Contemporary Questions Surrounding the Constitutional Amending Process

By John R. Vile | Go to book overview
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in Article V, why should legislating be exclusively specified in Articles I and II?

This author does not believe that Amar offers a satisfactory answer. Despite his savage, if purposely overdrawn, attack on the representativeness of republican institutions, 136 Amar ultimately gives this system a vote of confidence. 137 Citing a persuasive contemporary article, 138 Amar further points to the "great dangers" of direct initiative while arguing that, when it comes to amendments, "the dangers are smaller, the philosophic justifications stronger, the alternatives less palatable, and the possible rewards greater." 139 Amar offers to provide proof later in his paper.

This "proof" is, however, completely unresponsive to the constitutional issue, that is, why one process should textually be read as nonexclusive and not the other. Amar's argument is quite simply that, "ordinary lawmaking by the People enjoys neither the elaborate procedural protections of the ordinary legislative process nor the self-restraining solemnity of constitutional amendment." 140 This is surely a distinction that does not make a difference. Certainly, one strong argument against popular amendment is that it too will bypass existing procedural protections which protect minority rights against hasty or ill-advised majority actions. Moreover, the process of amending the Constitution may be solemn largely because this process is now so extraordinary and infrequent in nature. Amar's scheme may or may not keep it so, but to rely on the experience of one amending system to argue for another is simply again to try to have one's cake and eat it, too.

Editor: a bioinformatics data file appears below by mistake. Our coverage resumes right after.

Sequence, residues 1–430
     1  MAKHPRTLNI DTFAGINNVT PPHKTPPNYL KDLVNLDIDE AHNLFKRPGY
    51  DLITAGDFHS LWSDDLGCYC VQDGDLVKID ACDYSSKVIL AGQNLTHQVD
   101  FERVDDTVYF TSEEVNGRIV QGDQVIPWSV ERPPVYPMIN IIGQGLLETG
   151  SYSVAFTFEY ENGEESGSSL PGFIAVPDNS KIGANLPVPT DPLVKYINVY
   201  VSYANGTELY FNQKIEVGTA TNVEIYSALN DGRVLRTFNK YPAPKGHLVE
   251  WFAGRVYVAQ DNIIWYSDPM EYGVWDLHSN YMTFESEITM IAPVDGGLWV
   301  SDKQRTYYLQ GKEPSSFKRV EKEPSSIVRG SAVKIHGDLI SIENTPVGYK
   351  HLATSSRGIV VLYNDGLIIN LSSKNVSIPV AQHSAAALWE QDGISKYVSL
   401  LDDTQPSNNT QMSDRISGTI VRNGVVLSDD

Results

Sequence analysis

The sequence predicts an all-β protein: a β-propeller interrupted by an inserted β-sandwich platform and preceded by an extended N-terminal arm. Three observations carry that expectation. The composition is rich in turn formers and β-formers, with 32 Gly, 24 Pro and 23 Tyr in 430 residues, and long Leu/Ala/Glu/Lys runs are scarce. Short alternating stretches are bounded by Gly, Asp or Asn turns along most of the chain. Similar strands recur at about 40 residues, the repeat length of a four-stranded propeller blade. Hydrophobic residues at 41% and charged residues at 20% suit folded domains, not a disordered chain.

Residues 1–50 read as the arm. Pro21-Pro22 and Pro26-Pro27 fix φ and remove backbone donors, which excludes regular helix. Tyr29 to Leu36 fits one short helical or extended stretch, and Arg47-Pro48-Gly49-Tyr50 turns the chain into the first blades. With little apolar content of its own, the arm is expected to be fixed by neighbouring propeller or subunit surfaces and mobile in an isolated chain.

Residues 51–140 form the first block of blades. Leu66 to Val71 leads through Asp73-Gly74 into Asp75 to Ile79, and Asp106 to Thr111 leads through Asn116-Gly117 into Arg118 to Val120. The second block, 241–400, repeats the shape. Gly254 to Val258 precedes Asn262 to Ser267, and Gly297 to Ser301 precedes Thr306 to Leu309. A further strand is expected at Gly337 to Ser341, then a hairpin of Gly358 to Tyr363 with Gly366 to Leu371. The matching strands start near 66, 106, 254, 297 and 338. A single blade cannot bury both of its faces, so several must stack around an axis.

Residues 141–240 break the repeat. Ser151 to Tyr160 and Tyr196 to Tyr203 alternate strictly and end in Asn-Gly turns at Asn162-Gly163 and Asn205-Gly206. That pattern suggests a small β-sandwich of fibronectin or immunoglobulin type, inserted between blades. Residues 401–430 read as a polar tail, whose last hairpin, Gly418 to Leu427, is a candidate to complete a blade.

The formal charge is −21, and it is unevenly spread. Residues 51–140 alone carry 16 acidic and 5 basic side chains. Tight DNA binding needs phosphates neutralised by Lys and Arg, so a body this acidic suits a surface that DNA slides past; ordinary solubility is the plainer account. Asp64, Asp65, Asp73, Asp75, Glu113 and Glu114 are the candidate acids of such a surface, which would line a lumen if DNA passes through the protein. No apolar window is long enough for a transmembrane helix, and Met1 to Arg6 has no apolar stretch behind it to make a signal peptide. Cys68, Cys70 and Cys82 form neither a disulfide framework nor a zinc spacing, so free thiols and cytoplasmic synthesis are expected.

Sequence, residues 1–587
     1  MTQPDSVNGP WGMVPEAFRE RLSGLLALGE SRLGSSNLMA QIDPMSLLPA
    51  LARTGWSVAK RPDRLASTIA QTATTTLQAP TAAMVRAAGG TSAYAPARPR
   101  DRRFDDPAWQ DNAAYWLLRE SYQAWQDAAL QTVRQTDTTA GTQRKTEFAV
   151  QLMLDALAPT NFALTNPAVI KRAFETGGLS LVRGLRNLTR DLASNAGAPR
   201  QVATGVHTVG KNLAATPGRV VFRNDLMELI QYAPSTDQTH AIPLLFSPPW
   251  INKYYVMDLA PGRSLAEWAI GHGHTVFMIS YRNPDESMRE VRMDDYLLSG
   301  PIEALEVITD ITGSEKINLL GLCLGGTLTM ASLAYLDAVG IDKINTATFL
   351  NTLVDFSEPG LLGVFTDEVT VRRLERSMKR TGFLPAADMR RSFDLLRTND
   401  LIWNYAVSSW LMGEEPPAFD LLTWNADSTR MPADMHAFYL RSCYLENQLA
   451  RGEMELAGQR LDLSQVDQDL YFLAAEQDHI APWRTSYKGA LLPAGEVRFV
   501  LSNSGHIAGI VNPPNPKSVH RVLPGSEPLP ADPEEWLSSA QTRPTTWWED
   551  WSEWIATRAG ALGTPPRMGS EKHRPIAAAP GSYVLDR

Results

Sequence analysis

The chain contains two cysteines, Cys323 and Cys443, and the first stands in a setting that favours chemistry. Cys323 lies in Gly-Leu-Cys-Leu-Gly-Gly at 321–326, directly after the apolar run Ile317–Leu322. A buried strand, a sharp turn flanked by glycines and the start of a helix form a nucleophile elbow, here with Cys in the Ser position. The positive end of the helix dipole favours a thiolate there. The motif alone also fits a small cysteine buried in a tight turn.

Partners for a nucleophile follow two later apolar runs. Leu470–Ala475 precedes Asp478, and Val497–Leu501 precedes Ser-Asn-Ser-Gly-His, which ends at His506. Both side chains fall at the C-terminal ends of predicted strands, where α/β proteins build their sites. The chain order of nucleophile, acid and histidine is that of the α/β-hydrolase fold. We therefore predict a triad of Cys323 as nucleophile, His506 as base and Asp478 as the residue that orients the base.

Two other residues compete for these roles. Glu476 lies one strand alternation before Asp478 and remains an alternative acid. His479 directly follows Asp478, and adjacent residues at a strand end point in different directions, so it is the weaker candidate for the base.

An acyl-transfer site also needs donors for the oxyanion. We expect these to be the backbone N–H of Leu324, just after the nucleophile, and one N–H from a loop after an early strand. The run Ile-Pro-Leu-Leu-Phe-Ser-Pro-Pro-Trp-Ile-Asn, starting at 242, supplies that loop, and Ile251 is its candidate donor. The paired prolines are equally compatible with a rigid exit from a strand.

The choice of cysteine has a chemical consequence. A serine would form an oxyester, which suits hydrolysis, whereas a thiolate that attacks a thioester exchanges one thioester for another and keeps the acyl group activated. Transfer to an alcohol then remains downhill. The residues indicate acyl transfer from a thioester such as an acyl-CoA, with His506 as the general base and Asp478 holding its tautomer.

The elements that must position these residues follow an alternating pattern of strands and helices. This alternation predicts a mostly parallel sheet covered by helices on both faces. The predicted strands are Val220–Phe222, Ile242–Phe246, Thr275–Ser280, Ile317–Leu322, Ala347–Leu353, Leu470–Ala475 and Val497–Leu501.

In the end, then, the arguments for the nonexclusivity of Article V mechanisms would seem to hinge on arguments for the nonexclusivity of the legislative process or any other specified in the Constitution. Perhaps Amar shies away from this tie for fear that it will undercut his constitutional argument. It certainly appears, to this author at least, that the arguments for both kinds of popular initiative should fall together in preference to more tried and limited forms.

Akil Reed Amar, "Philadelphia Revisited: Amending the Constitution Outside Article V," University of Chicago Law Review 55 (Fall 1988), p. 1055.
Ibid., p. 1057n and p. 1061.
Ibid., p. 1065. Underlining mine.
Amar does not cite the argument by William MacDonald that Congress can call a constitutional convention on its own authority because Article V should be viewed as "permissive and selective, not as exclusive." See William MacDonald, A New Constitution for a New America ( New York: B. W. Heubsch, 1922). This work is discussed in John R. Vile, Rewriting the United States Constitution: An Examination of Proposals from Reconstruction to the Present ( New York: Praeger, 1991), pp. 57-59.
Herman Ames, The Proposed Amendments to the Constitution of the UnitedStates during the First Century of its History


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